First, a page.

Millions of Americans who rely on federal subsidies to afford their health insurance breathed a sigh of relief Thursday when the Supreme Court affirmed the Affordable Care Act’s provision to deliver subsidies to people who need them.
Thanks to the court's interpretation of the ACA’s provision for federal subsidies when the state doesn’t provide any, an estimated 6.4 million across 34 states will be able to keep their insurance premiums low and affordable.
North Carolina resident Lucia De Ratmiroff, 64, is just six months away from qualifying for Medicare. If the Supreme Court had decided against federal subsidies, she was planning to go without insurance until then. Thankfully, she doesn’t have to worry about that anymore.
“I’m just thrilled, because otherwise I would have had to just relinquish my insurance and hope nothing happened to me,” De Ratmiroff said. “Either that or use the emergency room.”
De Ratmiroff said she currently pays just $106 per month for her premium, which would normally cost over $600. Before signing on with a health insurance plan through the ACA in 2014, she was paying $620 per month for her own insurance, and it was about to get even more expensive.
“I’m lucky because I’m so close to Medicare,” she concluded. “But what about people in their fifties, whose premiums really start to rise? They were the ones hanging by a thread with this decision.”
When the ACA was signed into law in 2010, it mandated that people above a certain income level who don’t have health insurance through employment would need to purchase policies -- or else face increasing yearly penalties. To help people pay for these mandated insurance policies, states that had set up health insurance marketplaces offered subsidies to those who couldn't afford to pay their entire health insurance premium. But U.S. residents like De Ratmiroff, who live in states where no such state marketplaces exist, have to rely on a federal marketplace and federal subsidies to afford their premiums.
Mandating that everyone purchase insurance or face a fine, and providing subsidies to help people pay for those plans, are two policies that help stabilize the health insurance market and make premiums more affordable for everyone, explained Christine Eibner, a senior economist at the RAND Corporation.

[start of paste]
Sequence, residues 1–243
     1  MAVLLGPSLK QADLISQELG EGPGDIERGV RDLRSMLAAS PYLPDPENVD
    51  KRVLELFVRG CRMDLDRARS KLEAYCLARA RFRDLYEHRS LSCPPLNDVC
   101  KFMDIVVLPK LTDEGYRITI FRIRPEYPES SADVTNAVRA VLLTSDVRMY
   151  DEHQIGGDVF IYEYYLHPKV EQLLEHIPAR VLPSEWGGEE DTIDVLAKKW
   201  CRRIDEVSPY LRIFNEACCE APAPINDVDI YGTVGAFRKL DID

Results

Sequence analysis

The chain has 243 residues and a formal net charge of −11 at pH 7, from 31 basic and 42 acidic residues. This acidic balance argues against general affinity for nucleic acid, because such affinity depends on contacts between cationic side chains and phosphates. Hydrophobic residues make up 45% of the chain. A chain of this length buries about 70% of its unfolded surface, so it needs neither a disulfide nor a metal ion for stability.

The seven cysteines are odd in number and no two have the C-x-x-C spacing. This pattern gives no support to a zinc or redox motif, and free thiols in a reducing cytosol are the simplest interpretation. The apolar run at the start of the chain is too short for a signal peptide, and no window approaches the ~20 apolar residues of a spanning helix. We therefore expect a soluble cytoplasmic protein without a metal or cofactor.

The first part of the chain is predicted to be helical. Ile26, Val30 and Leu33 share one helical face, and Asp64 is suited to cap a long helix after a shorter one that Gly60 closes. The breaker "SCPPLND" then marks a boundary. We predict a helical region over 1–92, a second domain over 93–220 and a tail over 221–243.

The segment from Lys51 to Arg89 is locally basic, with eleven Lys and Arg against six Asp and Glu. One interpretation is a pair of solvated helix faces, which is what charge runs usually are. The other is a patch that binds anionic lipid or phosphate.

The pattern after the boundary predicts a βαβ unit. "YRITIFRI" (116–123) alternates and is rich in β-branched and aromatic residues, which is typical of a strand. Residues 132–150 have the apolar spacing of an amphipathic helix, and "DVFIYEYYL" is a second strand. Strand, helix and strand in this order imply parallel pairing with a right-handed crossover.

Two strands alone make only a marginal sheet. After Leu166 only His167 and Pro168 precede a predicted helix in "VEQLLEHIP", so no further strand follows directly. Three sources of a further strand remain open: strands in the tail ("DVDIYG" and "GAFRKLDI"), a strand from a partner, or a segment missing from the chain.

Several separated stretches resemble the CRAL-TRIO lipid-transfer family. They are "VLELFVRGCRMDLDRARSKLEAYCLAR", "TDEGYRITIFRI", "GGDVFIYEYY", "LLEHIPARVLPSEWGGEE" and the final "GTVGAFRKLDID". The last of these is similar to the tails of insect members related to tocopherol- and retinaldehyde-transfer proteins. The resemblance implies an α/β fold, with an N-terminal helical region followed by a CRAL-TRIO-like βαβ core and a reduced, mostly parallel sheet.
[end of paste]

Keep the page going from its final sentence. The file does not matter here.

If the health insurance mandate wasn't in the ACA, health insurance companies wouldn’t be able to comply with one of the most popular features of the law: that everyone be allowed to purchase an insurance policy, regardless of pre-existing conditions.
Before the ACA, young and healthy people tended to opt out of health insurance, leaving the sickest people with the most expensive needs in the policies. This led to health insurance companies rejecting people with pre-existing illnesses, as they assumed, rightly, that they would incur the highest costs to the company.
Subsidies for health insurance premiums are crucial for helping people pay for those mandated health insurance policies. Without subsidies, more people would drop out of the insurance market, which would lead to an increase in costs for everyone that’s left, Eibner explained.
"We have estimated that if the subsidies were to be eliminated, premiums would increase by 47 percent,” said Eibner. “We predict that those two policies together, especially the subsidies, have a stabilizing effect. They do bring younger and healthier people into the market, and they keep premiums lower than they would otherwise be."